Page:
The National Center for Research Resources, a component of the National Institutes of Health, recently awarded the Yale School of Medicine a $6.1 million grant to develop a program aimed at fostering research involving direct interaction with human subjects.

The Yale Mentored Clinical Research Scholar Program will award research grants to fellows in clinical departments or junior faculty members. Yale is one of five institutions that received the grant this year.

Professor of Medicine and Geriatrics Sharon K. Inouye will direct the program, which began to receive funding in September.

“This award recognizes the Yale School of Medicine as a center of excellence in patient-oriented research,” Inouye said. “It presents an extraordinary career development opportunity for physician investigators.”

Program Coordinator Lupi Robinson said the program will aim to develop “a cadre of physician investigators” across the country who will be leaders in the field of patient-oriented research. The program includes a structured academic curriculum and mentored research experience.

“Developing a group of highly-trained physician investigators benefits the school by increasing our research expertise and success in obtaining grants, and ultimately by helping our patients,” Robinson said in an e-mail. “In the short term, it provides salary support for junior faculty and post-doctoral fellows.”

Physicians who are fellows in any clinical department and have completed the clinical component of their training program and junior faculty in their first one to three years may apply for the grants the program will offer. An executive committee will determine the winners based on their qualifications and experience as well as on the quality of their research proposals.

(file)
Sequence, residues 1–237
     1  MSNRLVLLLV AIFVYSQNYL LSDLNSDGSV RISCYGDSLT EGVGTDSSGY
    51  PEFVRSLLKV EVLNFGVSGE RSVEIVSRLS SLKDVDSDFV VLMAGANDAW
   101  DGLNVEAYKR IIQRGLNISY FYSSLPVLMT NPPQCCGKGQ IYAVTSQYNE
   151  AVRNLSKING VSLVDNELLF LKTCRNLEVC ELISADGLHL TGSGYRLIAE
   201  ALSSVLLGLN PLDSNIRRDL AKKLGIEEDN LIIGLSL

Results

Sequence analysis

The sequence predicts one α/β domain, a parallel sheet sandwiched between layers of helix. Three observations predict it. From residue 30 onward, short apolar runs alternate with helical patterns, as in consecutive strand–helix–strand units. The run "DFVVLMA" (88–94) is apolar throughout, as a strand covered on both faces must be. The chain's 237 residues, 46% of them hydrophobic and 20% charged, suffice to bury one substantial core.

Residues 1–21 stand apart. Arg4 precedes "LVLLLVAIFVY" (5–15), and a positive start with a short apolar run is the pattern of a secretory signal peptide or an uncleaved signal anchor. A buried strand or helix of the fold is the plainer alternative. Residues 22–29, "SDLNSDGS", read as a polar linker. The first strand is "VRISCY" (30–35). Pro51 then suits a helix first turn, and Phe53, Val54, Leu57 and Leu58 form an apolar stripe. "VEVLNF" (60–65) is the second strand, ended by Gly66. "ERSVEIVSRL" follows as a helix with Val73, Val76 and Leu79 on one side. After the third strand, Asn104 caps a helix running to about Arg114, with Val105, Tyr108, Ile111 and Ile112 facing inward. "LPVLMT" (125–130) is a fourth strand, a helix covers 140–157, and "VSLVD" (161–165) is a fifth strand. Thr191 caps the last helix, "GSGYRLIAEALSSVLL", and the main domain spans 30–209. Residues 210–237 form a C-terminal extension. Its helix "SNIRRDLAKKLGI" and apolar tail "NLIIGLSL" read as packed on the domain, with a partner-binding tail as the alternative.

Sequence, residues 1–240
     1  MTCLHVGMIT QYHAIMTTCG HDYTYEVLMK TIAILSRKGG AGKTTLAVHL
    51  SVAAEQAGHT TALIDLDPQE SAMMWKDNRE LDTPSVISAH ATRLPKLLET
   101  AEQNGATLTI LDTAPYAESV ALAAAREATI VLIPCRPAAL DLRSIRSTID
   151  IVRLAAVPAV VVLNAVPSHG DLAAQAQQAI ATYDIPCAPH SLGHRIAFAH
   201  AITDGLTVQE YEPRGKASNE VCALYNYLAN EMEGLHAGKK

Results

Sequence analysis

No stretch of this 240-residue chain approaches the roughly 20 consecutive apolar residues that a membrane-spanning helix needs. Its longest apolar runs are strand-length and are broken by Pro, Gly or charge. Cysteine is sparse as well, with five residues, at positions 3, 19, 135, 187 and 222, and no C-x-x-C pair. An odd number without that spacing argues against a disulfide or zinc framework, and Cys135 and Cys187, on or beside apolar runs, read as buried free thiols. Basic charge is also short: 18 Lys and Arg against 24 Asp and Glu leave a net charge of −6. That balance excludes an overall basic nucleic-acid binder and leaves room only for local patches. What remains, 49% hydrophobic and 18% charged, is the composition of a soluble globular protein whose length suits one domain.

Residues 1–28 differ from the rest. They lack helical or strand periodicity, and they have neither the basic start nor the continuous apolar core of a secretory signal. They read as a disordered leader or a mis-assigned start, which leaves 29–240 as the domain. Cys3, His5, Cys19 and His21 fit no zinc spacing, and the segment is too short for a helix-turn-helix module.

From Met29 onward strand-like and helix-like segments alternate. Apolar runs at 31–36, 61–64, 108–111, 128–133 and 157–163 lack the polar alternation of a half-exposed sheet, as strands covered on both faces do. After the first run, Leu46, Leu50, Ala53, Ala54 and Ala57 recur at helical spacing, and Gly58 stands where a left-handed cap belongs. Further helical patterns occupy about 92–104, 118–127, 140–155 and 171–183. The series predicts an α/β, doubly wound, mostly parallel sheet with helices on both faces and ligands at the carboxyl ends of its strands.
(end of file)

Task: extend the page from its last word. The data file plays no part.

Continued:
Robinson said she expects that there will be a large pool of applicants because the terms of the award are “so generous.” Fellows accepted into the program will be expected to matriculate in the medical school’s Investigative Medicine Program and commit three to five years to the pursuit of a Ph.D. The program will provide each recipient with a stipend of up to $90,000 per year and will cover research and tuition costs of up to $30,000 per year for a maximum of five years.

“The application process is competitive, and we expect that only five candidates will be chosen for July 2004 although we have a total of ten slots, because the number of actual candidates over the five year award period will depend upon the length of the individual research projects,” Robinson said in an e-mail.

The NCRR has been concerned for several years about the declining share of grant applications from physician investigators, Robinson said. Biology major Monica Modi ’06, who plans to go to medical school, said she feels comforted by the fact that the Center is providing the impetus for improvement in medical research.

“We pre-med students at Yale sincerely hope that the physician investigation group will raise the standards and quality of medical research,” Modi said. “And we can only aspire to be accepted in such a respectable training program in the future.”